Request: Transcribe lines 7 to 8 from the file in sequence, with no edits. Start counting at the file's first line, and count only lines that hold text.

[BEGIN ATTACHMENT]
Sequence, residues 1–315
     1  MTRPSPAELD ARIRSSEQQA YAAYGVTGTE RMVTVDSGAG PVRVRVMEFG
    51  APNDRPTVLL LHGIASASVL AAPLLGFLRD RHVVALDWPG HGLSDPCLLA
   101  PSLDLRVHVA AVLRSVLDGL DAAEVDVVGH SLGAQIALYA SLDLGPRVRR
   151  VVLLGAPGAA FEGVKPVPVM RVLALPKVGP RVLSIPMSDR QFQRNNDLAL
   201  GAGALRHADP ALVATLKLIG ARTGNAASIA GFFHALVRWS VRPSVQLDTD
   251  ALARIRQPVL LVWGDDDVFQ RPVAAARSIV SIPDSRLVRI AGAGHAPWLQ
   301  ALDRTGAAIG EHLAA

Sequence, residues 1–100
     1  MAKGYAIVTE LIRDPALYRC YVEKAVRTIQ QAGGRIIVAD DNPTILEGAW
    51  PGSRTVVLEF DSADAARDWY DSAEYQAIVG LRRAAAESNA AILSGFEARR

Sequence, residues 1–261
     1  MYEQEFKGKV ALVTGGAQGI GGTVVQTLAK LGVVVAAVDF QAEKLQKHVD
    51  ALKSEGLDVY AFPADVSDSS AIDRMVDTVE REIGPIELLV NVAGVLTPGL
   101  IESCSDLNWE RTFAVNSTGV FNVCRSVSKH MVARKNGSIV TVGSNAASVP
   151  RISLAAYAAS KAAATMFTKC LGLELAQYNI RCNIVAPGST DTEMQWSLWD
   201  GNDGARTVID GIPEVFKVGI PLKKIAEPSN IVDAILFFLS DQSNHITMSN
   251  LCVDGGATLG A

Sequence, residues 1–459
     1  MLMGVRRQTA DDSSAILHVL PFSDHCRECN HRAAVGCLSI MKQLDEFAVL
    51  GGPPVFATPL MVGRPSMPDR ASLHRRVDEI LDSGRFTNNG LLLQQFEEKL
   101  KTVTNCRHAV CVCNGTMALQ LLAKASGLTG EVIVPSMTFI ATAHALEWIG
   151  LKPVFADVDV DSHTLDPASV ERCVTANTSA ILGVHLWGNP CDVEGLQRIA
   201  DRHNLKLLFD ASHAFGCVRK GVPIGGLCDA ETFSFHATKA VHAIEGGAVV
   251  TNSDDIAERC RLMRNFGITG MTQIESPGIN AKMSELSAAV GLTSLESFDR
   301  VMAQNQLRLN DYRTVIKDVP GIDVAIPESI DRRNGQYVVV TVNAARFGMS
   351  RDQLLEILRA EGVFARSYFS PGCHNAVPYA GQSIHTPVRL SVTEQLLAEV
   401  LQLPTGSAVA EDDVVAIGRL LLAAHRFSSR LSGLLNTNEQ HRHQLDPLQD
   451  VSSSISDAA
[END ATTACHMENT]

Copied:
   251  ALARIRQPVL LVWGDDDVFQ RPVAAARSIV SIPDSRLVRI AGAGHAPWLQ
   301  ALDRTGAAIG EHLAA